Type 2 diabetes in children is a recent phenomenon, and current evidence about diabetes and hypertension is based on adult studies. Adults with diabetes have changes in 24-h ambulatory blood pressure (BP) profiles, including a decrease in sleep dip (the decline in BP that normally occurs during sleep) and increased systolic blood pressure (SBP), that are associated with early cardiovascular disease (1).
This cross-sectional study compared 24-h BP and heart rate (HR) profiles of Hispanic and African-American adolescents recently diagnosed with type 2 diabetes with the profiles of two groups of 10 healthy control subjects matched for age, sex, height, and race/ethnicity (2). BP and HR were monitored every 30 min for 24 h using an ambulatory monitor (model 90207; SpaceLabs, Redmond, Washington). Simultaneous recording of activity was monitored by the Motionlogger actigraph (Ambulatory Monitoring, Ardsley, New York). A mixed-model approach was used to examine differences in individual BP and HR measurements in the study and comparison groups.
The study group consisted of 10 adolescents with type 2 diabetes (6 males and 4 females). Mean age at diagnosis was 13.58 years, mean length of diagnosis was 10 months, and mean blood glucose on the day of monitoring was 149.30 mg/dl (SD 81.99). Mean weight was 82.53 kg (range 62.7–129.3) in the study group and averaged 60.89 kg (43–85) in the comparison groups. Compared with adolescents without diabetes, adolescents with type 2 diabetes had significantly smaller mean sleeping SBP dip even after controlling for weight (P = 0.008).
The model for SBP indicated a significant difference by group, [F (2, 799) = 4.84, P = 0.0082], position [F (2, 799) = 28.28, P < 0.0001], and group by position interaction [F (4, 799) = 4.92, P = 0.0006]. Reclining and sitting positions were associated with lower SBP compared with a standing position in the comparison groups, whereas only reclining was associated with lower SBP in the group with diabetes. The least-squares mean SBP decreased an average 12.5 points while reclining in the comparison groups, but it was only 3.8 points lower in the subjects. The model for HR indicated a significant difference in group-by-activity interaction, [F (2, 801) = 3.55, P = 0.0291], group effect [F (2, 801) = 24.13, P < 0.0001], position [F (2, 801) = 77.62, P < 0.0001], and activity [F (1, 801) = 4.12, P = 0.0428]. HR was significantly lower in the reclining and sitting positions for all subjects, but the group with diabetes had higher HR on average than either comparison group. Activity was unrelated to HR in the group with type 2 diabetes, while it was positively related in the two comparison groups.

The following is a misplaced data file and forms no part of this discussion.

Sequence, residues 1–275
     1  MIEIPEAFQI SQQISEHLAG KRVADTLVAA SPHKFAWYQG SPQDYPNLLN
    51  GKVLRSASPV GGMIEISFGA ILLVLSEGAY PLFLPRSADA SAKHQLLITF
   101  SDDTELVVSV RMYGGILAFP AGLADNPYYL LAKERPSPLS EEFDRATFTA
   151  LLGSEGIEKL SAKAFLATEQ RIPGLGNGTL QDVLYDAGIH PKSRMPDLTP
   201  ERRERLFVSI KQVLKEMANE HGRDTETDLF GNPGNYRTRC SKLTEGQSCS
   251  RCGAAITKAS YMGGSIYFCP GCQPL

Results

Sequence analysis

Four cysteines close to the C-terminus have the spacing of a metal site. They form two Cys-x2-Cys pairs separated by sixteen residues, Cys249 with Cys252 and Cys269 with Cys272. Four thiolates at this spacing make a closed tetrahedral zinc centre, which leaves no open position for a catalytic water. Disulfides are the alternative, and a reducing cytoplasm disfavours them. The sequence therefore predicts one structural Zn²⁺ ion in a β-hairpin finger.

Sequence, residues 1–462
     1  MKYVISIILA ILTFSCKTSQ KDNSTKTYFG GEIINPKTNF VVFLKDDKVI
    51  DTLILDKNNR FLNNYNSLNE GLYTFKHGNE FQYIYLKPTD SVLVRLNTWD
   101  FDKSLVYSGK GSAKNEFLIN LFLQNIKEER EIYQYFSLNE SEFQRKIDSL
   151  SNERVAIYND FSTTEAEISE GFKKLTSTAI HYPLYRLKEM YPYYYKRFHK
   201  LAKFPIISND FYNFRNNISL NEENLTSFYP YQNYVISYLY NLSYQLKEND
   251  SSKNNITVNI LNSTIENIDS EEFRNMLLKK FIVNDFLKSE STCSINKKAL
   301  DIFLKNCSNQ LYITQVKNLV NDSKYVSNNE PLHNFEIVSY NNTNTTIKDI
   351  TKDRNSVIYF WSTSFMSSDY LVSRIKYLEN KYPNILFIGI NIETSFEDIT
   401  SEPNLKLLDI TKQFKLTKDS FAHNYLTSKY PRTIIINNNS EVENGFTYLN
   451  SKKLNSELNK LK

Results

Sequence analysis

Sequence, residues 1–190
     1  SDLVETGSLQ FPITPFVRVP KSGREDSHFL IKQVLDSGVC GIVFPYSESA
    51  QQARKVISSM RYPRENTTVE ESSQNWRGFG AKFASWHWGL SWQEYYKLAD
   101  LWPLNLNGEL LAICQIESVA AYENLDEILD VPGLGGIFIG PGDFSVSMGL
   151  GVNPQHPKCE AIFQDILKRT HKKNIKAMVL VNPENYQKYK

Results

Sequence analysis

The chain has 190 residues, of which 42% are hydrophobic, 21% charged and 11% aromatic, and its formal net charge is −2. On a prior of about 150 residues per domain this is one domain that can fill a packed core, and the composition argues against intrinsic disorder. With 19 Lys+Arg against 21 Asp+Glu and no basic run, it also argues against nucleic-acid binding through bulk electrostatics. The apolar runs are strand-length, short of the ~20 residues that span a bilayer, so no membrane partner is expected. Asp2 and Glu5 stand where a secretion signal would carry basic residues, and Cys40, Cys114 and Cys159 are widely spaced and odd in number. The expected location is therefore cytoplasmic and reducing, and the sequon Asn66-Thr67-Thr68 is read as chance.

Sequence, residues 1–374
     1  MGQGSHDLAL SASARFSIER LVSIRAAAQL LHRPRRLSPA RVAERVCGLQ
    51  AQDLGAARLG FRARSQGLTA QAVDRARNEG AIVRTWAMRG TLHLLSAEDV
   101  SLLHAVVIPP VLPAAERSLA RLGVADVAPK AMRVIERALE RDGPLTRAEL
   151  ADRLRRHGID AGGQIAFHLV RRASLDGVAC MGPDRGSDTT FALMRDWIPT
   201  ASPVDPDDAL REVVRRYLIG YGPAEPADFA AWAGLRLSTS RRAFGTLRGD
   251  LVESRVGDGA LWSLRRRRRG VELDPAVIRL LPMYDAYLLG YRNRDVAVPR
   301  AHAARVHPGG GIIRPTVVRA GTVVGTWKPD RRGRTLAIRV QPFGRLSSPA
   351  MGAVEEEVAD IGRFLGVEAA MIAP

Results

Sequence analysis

This study provided evidence that changes in BP and HR are evident early in the course of type 2 diabetes in adolescents and may predict increased cardiovascular morbidity during young adulthood.
Address correspondence to Christine A. Brosnan, University of Texas Health Science Center School of Nursing, Systems and Technology, 1100 Holcombe Blvd., Suite 5.518, Houston, TX 77030. E-mail: firstname.lastname@example.org.